Whether or not you want to actually put data into the hands of your business users, or just create better working relationships between them and your analysts, it starts with the business users having a better appreciation of data. This means that they understand what data you have but also the methods that can be employed to interrogate that data.

4. Ensure your analyst have commercial- and business acumen and are involved in the business

It's not uncommon to find analytics or data-science teams within businesses full of incredibly intelligent and technically-proficient people, but who are nevertheless alienated from the wider business.

If analytics as a function is to be responsible for analytics in the true sense of my definition, then the senior people who lead that function need to also be central to the wider strategy and running of the business.

They need to be business partners and consultants. This means a) hiring the right people who are capable of that and b) ensuring a culture that allows this to thrive.

5. Consider the role of a critical thinker

I'm not suggesting you should have someone with the job title critical thinker, but it is nevertheless worth considering creating a role that performs this and only this function.

Another way to think of this is what you might call a data translator (also not meant to be a job title).

The difficult part of getting analytics right is that, on the one hand, you have business people who are not comfortable in the world of data and, on the other, technical analysts who are not comfortable in the world of business. Furthermore, these are generally two very different types of individuals, with different temperaments and world views, who often find it hard to communicate.

A data translator is, conceptually, a person who can straddle both of these worlds comfortably without necessarily being embedded in either, and who performs the critical thinking aspect of analytics by understanding both how to dissect and break down the business problem, and how to brief what is required to data teams in order to get the best output.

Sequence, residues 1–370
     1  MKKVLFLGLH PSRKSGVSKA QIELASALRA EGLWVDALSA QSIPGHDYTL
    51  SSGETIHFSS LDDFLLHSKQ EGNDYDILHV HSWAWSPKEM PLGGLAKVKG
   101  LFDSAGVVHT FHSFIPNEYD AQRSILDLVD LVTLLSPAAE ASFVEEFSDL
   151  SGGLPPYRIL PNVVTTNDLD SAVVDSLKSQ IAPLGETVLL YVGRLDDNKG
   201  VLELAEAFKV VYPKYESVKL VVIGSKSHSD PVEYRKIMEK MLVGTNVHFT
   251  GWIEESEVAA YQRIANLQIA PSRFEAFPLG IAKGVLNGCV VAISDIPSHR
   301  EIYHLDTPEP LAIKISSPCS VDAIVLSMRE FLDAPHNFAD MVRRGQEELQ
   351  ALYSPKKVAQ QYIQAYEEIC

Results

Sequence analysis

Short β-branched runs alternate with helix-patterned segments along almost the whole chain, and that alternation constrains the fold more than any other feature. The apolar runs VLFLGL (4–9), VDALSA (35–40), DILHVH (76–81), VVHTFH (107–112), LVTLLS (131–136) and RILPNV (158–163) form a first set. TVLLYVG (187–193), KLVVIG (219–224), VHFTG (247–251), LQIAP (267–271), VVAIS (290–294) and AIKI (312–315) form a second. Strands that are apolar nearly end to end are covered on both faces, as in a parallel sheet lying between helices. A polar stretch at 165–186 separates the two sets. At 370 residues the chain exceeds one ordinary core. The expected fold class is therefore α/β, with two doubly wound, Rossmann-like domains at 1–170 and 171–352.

This is in fact what I have done for much of my career.


What people do when they think they are doing analytics is often not actually analytical at all.

They misunderstand analytics as meaning the interrogation of data, which is only actually one part of the picture.

The main task of analytics is critical thinking focused on the resolution of business problems by dissecting the problem into component parts that can be treated differently and brought back together to answer the main question.

These skills and also the culture which respects and allows them to flourish, are lacking in many businesses.

In order to be analytical you must focus on bringing critical thinking into your organisation.

About me:

My name is Jonny Longden, Digital Experience Director at Journey Further. I help businesses become data-driven, and to put research and experimentation at the heart of everything they do.

Over the last 13 years, I have helped the likes of Sky, Visa, Nike, O2, Mvideo, Principal Hotels and Nokia put analytics and experimentation at the heart of their digital innovation and engineering. Doing a 'bit of CRO' is not enough - every decision you make about development without experimentation has a 90% chance of wasting your money. The time is right to embrace experimentation and I can help you get there.

If you don't already, please follow me on LinkedIn to see more content such as this.